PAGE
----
Federation of Old Cornwall Societies

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Probus Old Cornwall Society







Founded: 1946


Colours: Blue & White





Members of the Probus Historic Cornwall Society were delighted to welcome Peter Herring from the Cornwall Archaeological Unit (CAU) to talk about its work, with particular emphasis on Probus.


So, how do you ‘do’ archaeology?  Well first, you have to find your site!  Most of the sites dealt with by the CAU are a reaction to finds made during development, eg the Probus by pass and the Park and Ride site.  Others are as a result of projects to look for sites using aerial photography.  The presence of hill forts can be indicated by increased crop growth on the deeper soil of ditches, as at Carvossa, Probus.  During drought, the shapes of long-vanished buildings and barrows, such as those around Probus, show clearly from the air.  Peter also showed us an example of the use of LIDAR.  Fast laser pulses, combined with other data, generate precise 3D information.  He first showed us the ordinary aerial photograph, then the LIDAR image.


Sites are also identified by comparing old maps with new.  Members were shown examples of areas within Probus Parish where settlements had existed but no longer remain.


When you have found your site, you can get your boots on the ground and complete your surface and subsurface surveys, now know to all as a result of TV’s ‘Timeteam’ as ‘geophys’ (geophysical).


Archaeology leads to knowledge not only of buildings in the past but also people and their way of life.  Peter showed us parts of the wonderfully detailed 1748 map of Cornwall by Tomas Martyn.   Hamlets, farmsteads and manor houses are indicated by stylised drawings, churches have either steeples or towers and roads are shown as being either enclosed or open at the sides.  Probus was very unusual as it had a large number of farmsteads and manor houses, and very few hamlets within its Parish, indicating a prosperous area.  Modern aerial views of Probus show that it still lies in a more rural setting than most inhabited areas of Cornwall enjoy.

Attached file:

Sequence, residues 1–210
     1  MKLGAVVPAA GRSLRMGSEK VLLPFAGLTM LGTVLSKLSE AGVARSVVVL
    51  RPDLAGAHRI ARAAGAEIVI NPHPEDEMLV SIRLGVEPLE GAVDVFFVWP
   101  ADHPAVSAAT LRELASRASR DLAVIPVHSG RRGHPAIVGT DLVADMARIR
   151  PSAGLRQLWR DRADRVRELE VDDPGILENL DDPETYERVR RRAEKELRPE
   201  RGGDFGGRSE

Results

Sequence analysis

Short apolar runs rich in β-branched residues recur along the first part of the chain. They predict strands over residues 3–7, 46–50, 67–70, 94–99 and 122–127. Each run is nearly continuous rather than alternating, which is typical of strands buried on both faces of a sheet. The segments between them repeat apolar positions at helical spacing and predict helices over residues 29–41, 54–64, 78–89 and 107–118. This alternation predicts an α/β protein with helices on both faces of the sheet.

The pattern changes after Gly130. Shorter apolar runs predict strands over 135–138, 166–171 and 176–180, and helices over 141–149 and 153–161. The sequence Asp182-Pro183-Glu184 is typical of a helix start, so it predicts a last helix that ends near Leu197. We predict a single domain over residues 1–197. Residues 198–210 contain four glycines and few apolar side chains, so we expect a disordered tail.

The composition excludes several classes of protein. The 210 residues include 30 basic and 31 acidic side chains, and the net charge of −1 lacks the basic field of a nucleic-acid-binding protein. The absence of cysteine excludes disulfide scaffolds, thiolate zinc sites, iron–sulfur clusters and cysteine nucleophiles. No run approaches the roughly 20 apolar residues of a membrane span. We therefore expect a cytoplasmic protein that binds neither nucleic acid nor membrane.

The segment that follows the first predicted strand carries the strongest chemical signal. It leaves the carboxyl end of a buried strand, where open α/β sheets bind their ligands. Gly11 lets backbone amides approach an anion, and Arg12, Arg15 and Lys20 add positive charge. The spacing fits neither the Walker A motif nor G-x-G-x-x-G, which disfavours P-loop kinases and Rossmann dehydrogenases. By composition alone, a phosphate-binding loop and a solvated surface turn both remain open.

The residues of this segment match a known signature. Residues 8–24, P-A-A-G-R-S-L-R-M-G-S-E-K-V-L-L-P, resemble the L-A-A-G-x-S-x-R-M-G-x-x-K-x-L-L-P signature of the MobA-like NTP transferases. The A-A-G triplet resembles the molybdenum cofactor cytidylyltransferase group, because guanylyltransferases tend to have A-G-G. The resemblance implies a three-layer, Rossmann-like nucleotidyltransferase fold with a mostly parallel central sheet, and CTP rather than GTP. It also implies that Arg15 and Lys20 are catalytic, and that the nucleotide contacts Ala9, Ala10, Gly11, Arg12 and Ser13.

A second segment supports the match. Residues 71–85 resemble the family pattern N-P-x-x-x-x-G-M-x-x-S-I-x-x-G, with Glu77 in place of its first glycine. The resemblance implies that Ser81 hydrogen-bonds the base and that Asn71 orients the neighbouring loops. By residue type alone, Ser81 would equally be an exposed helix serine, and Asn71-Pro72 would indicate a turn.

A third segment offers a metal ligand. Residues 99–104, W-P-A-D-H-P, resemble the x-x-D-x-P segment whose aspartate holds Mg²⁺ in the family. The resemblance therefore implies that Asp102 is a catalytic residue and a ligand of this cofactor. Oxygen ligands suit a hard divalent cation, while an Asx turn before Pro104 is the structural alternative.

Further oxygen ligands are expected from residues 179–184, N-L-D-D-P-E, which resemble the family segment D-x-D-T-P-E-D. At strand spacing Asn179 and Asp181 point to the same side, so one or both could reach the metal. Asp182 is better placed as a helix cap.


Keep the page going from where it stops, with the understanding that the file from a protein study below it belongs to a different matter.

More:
The Martyn map also shows the street patterns of the towns and villages.  Most places in Cornwall with similar central areas and facilities to Probus were towns, so, is Probus a town or a village?  Probus has an area called The Square; it used to have a regular market and held an annual Hurling contest.  These point to it being, or having been, a town!  What do you think?




Chairman: Jon Sommers, email jon.asummers@btinternet.com


Vice Chair: Barrie Anthony


Secretary: Vince van Kempen-Wilson, email vince.vkw@gmail.com


Treasurer: Mike Cluett


Recorder: Laura van Kempen-Wilson


Librarian: Roger Gluyas


Speaker Secretary: Alan Blake





Programme 2019-20